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Wrong Robert Mundell?

Robert A. Mundell

Professor of Economics

University of Chicago

HQ Phone:  (773) 702-1234

Email: r***@***.edu

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University of Chicago

5801 South Ellis Avenue Room 7

Chicago, Illinois,60637

United States

Company Description

Since 2013, the University of Chicago's affiliation with the Marine Biological Laboratory in Woods Hole, MA has strengthened both institutions' missions of leadership and innovation in scientific research and education. Come spend a day learning about the MBL,...more

Background Information

Employment History

Teacher

Stanford University


Member, Research Department

International Monetary Fund


Professor of Economics

Columbia University


Summer Professor of International Economics

Graduate Institute of International and Development Studies


Associate

International Atlantic Economic Society


Guest Lecturer

Polyconomics , Inc.


President and Chief Executive Officer

Streetfighter Motorsports LLC


Vice President

Truck Works Inc


Affiliations

The World Innovation Foundation

Consultant Member


Berggruen Institute

Board Member


Economics

Fellow


International Monetary Fund

Member, 1961


European Commission

Consultant To the Monetary Committee


American Economic Association

Fellow


Bellagio-Princeton Study Group on International Monetary Reform

Member


Post-Doctoral

Fellow


Web References(191 Total References)


CEA Fellow: Robert Mundell

www.economics.ca [cached]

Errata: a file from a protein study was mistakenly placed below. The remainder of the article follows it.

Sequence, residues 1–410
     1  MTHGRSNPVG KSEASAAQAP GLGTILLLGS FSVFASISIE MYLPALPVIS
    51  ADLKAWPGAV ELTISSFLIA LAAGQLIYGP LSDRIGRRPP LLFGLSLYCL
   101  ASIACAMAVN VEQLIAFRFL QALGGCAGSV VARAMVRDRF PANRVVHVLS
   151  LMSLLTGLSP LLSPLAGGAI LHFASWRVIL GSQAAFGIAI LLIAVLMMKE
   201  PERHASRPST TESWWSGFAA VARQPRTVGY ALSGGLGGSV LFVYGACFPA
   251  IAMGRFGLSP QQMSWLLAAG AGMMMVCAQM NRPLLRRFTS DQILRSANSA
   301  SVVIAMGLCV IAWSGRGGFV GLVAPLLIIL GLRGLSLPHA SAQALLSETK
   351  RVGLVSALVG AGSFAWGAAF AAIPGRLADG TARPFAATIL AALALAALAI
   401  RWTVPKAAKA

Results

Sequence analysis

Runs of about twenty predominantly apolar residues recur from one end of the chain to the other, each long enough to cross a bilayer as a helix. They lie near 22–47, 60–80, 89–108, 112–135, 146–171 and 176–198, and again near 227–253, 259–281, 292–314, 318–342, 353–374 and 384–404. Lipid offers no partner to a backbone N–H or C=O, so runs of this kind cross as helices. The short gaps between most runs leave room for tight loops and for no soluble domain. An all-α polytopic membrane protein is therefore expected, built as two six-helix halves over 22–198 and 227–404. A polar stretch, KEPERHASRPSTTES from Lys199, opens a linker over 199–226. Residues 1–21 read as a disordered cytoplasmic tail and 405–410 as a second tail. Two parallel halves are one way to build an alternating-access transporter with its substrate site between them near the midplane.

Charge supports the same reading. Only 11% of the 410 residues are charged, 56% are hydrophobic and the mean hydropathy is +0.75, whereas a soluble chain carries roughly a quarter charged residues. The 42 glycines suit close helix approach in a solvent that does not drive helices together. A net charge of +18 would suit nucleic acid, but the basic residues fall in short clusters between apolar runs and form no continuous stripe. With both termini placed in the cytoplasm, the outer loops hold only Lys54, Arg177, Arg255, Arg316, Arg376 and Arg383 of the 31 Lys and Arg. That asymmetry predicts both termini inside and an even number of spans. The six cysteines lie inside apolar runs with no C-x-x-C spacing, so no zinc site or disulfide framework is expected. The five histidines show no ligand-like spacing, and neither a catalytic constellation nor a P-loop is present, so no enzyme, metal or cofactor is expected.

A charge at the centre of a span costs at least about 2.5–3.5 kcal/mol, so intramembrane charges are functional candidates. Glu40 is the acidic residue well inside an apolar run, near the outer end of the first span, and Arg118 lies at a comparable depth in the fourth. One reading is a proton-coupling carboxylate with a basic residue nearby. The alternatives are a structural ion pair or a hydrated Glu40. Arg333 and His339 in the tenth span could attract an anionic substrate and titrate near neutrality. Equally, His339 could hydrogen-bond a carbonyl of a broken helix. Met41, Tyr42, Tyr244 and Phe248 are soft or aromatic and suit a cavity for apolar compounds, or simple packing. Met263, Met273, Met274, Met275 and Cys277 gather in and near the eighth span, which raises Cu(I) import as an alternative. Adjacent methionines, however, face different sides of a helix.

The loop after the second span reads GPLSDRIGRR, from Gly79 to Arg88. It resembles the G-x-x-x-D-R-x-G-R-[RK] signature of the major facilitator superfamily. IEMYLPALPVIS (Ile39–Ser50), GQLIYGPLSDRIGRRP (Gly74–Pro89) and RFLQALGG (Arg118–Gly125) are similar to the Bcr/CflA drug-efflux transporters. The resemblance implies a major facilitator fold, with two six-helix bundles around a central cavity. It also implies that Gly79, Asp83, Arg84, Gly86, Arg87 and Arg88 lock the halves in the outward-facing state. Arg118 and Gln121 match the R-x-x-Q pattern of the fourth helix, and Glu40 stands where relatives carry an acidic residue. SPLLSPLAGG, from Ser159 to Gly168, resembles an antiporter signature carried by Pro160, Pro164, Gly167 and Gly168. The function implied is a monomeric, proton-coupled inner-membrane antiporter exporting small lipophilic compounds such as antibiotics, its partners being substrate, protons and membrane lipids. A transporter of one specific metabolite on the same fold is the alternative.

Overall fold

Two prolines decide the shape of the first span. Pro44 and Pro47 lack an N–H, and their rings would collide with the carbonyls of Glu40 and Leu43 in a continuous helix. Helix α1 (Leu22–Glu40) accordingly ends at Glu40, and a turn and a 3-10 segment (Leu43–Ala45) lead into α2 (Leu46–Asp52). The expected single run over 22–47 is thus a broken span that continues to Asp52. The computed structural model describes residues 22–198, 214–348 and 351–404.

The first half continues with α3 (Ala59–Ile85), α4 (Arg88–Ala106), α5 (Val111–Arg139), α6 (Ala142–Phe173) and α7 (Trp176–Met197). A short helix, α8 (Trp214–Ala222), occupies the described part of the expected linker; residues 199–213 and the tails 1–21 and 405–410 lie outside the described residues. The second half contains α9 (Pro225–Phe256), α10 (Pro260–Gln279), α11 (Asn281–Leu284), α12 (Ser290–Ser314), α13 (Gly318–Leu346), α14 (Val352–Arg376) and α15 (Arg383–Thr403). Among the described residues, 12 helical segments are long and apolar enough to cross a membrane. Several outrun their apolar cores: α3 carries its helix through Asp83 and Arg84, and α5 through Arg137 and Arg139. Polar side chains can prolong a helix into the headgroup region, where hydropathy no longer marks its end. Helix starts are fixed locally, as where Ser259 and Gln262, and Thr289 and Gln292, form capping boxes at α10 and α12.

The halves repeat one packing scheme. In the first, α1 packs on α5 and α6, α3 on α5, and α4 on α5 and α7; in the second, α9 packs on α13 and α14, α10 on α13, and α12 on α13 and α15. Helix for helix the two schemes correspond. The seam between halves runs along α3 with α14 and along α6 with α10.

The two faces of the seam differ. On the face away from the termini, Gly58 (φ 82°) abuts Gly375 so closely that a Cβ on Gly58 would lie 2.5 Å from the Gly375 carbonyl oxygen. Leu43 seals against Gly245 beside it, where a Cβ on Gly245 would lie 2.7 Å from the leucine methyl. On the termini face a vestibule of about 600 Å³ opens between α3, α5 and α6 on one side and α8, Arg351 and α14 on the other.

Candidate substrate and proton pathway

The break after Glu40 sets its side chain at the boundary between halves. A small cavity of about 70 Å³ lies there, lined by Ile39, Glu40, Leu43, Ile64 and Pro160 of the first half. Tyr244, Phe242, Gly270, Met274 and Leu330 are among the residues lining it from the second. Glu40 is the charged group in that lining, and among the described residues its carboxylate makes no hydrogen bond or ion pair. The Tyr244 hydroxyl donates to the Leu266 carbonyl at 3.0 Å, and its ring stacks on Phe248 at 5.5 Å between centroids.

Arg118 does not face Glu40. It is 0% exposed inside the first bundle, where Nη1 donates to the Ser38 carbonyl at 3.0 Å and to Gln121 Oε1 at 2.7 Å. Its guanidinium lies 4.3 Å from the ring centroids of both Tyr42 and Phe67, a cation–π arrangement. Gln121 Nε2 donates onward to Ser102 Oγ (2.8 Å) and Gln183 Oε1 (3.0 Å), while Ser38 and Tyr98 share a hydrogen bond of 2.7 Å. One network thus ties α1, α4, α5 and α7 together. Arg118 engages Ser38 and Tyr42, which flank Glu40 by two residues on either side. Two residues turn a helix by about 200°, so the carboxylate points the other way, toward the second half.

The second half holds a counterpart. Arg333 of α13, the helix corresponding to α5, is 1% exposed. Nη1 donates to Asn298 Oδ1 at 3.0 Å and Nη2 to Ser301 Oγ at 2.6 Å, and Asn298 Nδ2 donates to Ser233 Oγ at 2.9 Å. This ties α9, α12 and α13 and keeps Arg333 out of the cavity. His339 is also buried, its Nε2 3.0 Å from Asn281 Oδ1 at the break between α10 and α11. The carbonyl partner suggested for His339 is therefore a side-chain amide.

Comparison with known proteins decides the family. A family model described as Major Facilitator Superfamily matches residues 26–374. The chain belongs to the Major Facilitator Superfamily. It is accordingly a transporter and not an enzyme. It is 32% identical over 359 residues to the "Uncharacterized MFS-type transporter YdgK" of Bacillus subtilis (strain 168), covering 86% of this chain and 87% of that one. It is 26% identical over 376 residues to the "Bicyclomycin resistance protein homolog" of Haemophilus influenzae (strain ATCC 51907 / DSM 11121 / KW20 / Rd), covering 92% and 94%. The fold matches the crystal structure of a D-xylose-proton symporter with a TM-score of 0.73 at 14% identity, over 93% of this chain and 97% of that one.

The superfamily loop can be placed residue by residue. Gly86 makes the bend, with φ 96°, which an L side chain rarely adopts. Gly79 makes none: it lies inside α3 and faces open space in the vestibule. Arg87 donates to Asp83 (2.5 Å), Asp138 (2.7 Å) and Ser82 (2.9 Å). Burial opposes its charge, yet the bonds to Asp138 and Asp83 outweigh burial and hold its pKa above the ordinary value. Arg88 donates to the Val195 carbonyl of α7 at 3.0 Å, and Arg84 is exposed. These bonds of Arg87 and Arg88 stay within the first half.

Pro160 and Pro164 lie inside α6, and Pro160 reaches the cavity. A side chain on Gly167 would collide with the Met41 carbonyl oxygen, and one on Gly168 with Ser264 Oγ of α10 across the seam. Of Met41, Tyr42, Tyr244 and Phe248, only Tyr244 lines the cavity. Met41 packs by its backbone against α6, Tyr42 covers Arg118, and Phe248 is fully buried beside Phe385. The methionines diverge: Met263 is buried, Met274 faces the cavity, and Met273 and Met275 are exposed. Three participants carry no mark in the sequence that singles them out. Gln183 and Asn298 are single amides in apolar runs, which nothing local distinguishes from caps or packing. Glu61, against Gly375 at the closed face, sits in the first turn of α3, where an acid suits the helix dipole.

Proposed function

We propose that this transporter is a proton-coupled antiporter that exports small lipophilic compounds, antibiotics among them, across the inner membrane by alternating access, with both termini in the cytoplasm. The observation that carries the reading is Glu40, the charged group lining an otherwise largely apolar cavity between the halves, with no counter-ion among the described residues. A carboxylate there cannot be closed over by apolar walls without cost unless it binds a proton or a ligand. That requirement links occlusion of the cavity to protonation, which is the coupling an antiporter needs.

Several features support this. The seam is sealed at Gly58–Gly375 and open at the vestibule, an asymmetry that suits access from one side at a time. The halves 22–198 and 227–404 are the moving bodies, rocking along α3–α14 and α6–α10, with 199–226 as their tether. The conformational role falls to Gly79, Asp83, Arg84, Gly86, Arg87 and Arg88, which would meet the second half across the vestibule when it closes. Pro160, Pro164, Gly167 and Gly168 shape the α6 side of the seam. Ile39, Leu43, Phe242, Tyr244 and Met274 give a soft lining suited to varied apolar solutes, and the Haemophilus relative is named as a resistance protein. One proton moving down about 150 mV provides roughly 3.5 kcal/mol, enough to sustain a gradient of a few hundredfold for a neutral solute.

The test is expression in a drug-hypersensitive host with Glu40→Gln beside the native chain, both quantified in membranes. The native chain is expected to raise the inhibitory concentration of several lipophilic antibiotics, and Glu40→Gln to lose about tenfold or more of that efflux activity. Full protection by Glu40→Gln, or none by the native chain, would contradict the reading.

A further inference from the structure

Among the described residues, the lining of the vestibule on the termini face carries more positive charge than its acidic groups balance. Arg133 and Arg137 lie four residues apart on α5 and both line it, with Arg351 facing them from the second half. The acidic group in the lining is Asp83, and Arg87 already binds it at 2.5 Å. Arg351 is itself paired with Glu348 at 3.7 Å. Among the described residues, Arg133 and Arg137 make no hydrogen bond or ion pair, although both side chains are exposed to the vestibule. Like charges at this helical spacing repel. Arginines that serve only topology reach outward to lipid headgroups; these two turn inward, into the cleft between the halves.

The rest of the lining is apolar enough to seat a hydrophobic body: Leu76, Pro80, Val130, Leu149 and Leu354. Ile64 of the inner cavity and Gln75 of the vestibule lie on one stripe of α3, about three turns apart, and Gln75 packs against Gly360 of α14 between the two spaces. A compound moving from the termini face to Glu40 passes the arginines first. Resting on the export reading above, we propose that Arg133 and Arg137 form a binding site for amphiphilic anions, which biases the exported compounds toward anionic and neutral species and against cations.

Robert Mundell
CEA Fellow: Robert Mundell Robert Alexander Mundell, University Professor and McVickar Professor of Political Economy at Columbia University, Companion of the Order of Canada, is one of the two Fellows of the Canadian Economics Association elected in 2015, the highest honour awarded by the Association in recognition of a lifetime of distinguished contributions to economics in Canada. ,P.Professor Mundell won the Nobel Memorial Prize in Economic Science in 1999 for his work in international and monetary economics, and is the only living person for whom the Canadian Economics Association has named a prize, the Robert A. Mundell Prize for the year's best Canadian Journal of Economics article by a young scholar. Born in 1932 in Kingston, Ontario, he graduated from the University of British Columbia, took his MA at the University of Washington, Seattle, and in 1956 received his PhD at MIT, after which he was a post-doctoral fellow at the University of Chicago in 1956-57. After teaching at Stanford and at the Johns Hopkins Bologna Center, Mundell joined the Research Department of the International Monetary Fund in 1961. He was Professor of Economics at the University of Chicago and editor of the Journal of Political Economy from 1966 to 1971 (and, in summers from 1965 to 1975, Professor of International Economics in Geneva). After teaching at the University of Waterloo, he has been at Columbia University since 1974. Mundell propounded his theory of optimal currency areas in 1961, and in a series of papers in the early 1960s (some of them in the Canadian Journal of Economics and Political Science) was one of the two pioneers of the open-economy IS-LM-BP macroeconomic model, the open-economy counterpart to the Keynes-Hicks IS-LM model (see papers collected in Mundell, International Economics, New York: Macmillan, 1968). The other pioneer of the open-economy macroeconomic model was the late J. Marcus Fleming of the IMF (see Fleming, Essays in International Economics, Cambridge, MA: Harvard University Press, 1971, and Mundell and Jacques J. Polak, eds., The New International Monetary System: Conference sponsored by the IMF and Columbia University as a memorial to J. Marcus Fleming, NY: Columbia University Press, 1977). Together with his Chicago and Geneva colleague Harry G. Johnson, Mundell was also a pioneer of the monetary approach to the balance of payments and exchange rates, the open-economy extension of the quantity theory of money (see papers collected in Mundell, International Economics, 1968, and in his Monetary Theory, Pacific Palisades, NJ: Goodyear, 1971). Beginning with his plan for a European currency, published in 1973, Robert Mundell has come to be known as "the father of the Euro."


Dr. Robert Mundell -- International Financial Architecture